As for programming languages, the 1980s saw the emergence of a series of new languages, such as C++, developed by Bjarne Stroustrup in 1983. C++ combined object-oriented programming with the existing C language and became one of the most popular programming languages of the 1990s. Also in this decade, languages like Objective-C, developed by Brad Cox and Tom Love, and Object Pascal appeared. These languages laid the foundation for the development of modern programming languages such as Java and C#.
In addition to operating systems and programming languages, the 1980s also saw the emergence of a series of software development tools, such as Computer-Aided Software Engineering (CASE) tools. These tools helped automate much of the software development process, from documentation to implementation. Database management systems, such as Oracle and Microsoft SQL Server, were also developed, which helped improve efficiency in managing large amounts of enterprise data.In 1983, Richard Stallman initiated the GNU project to develop a completely free and open-source operating system, paving the way for the free software movement. In 1986, American computer scientist Frederick Brooks published his book "The Mythical Man-Month," which addresses the complexity and challenges of software development in teams and popularized the concept of "Brooks' Law."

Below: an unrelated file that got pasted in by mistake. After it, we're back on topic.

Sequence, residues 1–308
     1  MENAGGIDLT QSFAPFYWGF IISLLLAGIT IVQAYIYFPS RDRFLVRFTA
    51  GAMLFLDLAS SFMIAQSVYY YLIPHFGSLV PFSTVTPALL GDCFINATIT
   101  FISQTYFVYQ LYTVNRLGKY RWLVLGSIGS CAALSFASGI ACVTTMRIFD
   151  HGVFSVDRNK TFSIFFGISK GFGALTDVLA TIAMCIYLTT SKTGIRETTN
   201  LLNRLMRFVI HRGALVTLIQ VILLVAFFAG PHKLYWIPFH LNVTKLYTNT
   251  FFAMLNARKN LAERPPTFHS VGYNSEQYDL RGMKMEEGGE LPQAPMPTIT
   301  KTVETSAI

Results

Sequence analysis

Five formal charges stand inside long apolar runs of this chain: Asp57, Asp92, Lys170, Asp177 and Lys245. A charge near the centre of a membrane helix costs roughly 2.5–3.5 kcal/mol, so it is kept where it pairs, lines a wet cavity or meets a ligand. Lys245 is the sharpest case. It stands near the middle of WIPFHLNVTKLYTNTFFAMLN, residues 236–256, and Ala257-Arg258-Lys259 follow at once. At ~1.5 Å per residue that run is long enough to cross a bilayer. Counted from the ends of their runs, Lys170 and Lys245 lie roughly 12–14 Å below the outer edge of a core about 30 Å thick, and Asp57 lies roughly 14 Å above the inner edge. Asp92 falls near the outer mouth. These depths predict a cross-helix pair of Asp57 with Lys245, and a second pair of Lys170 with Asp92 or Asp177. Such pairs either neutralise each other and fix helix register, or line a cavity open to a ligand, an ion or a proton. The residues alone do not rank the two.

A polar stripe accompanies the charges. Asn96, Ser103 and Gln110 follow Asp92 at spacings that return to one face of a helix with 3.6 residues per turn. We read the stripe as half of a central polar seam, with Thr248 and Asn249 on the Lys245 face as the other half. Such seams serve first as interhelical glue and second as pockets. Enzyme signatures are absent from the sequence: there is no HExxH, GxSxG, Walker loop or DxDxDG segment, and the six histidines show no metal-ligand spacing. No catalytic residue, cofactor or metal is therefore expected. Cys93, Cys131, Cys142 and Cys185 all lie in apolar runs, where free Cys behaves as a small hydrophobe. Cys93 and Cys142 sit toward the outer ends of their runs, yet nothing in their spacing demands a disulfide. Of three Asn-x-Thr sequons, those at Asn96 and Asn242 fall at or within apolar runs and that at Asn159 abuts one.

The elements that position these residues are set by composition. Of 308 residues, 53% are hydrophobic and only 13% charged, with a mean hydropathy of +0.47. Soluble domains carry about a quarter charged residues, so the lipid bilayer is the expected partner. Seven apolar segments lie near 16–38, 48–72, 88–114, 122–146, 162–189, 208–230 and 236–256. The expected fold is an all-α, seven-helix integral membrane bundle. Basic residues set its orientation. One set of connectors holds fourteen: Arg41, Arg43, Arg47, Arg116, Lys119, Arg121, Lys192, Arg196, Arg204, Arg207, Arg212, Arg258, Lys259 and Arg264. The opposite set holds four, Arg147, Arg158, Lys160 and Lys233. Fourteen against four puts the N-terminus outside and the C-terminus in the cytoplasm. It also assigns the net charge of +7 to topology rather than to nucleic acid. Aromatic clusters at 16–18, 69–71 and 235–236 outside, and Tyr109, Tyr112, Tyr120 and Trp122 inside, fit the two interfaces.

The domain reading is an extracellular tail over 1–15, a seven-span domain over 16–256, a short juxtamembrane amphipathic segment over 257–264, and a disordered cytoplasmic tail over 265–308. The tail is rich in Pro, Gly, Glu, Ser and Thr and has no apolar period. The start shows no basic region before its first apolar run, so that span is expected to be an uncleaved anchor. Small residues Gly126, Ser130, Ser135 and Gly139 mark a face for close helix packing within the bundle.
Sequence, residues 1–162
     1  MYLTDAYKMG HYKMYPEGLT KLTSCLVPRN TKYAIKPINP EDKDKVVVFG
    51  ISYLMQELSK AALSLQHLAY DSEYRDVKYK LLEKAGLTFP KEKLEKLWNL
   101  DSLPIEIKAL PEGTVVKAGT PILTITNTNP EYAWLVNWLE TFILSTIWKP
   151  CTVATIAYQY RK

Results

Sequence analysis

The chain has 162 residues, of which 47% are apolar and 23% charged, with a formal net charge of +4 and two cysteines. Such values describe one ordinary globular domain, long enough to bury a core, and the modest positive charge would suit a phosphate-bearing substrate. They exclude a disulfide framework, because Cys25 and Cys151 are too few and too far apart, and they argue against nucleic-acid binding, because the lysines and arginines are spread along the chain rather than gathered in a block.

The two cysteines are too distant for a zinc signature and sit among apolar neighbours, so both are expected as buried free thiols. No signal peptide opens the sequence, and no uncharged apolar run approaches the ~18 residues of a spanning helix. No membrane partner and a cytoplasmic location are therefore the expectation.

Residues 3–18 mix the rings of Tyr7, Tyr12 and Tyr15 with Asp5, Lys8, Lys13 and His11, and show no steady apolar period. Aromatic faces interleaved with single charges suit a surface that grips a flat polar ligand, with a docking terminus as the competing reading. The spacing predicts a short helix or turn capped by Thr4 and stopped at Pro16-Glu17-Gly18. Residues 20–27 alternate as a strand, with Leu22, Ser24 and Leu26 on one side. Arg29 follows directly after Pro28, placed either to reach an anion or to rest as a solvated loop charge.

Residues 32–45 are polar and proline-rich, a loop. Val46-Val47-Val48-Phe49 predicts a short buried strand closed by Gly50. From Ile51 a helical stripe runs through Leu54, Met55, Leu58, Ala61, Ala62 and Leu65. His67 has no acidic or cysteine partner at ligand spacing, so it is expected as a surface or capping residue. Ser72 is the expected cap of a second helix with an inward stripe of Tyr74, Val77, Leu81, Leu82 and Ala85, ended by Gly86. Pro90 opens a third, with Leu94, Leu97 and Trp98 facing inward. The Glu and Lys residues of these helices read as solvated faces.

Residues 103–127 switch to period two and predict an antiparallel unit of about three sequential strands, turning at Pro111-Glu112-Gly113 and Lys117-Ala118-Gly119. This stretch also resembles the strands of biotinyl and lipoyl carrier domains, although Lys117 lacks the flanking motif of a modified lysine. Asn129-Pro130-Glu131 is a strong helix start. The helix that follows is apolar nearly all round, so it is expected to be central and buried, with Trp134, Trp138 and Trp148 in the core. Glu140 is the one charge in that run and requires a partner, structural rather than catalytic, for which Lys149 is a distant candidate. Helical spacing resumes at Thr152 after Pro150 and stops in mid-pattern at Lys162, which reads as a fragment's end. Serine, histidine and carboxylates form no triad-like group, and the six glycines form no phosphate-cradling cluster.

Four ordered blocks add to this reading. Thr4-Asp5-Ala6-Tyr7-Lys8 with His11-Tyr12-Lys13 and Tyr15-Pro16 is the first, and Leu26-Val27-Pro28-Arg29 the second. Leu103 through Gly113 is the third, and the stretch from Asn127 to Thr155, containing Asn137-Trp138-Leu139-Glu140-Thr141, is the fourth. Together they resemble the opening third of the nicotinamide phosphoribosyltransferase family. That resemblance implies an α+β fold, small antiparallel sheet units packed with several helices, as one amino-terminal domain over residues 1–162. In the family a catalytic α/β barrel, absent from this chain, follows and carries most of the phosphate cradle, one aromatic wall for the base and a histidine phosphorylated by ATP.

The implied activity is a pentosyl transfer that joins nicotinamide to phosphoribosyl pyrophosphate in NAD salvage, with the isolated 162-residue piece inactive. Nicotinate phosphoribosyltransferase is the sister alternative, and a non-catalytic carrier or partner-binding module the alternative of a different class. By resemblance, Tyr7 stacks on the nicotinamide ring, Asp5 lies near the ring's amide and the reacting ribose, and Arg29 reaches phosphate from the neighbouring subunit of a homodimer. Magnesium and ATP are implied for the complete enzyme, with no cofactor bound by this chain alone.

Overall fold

It was at the end of the decade, specifically in 1989, when Tim Berners-Lee proposed the concept of the World Wide Web, which would revolutionize the way people interact and exchange information online.
Overall, the 1980s were a period of intense growth and diversification in software development, with significant advances in areas such as object-oriented programming, operating systems, and information technologies in general. The authors and creators mentioned above had a significant impact on the development of these technologies and how we use them today.
The 1990s: the birth of web applications
Another important trend in the 1990s was the widespread adoption of object-oriented programming. The programming language Java, developed by James Gosling and his colleagues at Sun Microsystems, was one of the most influential programming languages of the decade. Java was designed to be a portable programming language that could run on any hardware platform and operating system. The portability of Java and its use in the development of web and server applications made it one of the most popular and widely used programming languages in the world.
Another important development in the 1990s was the emergence of agile software development methodologies, which focused on flexibility and adaptability rather than the rigidity of earlier software development models. Although it would not be until 2001 when the Agile Manifesto, drafted by a group of software development experts in 2001, defined the core principles and values of the agile methodology.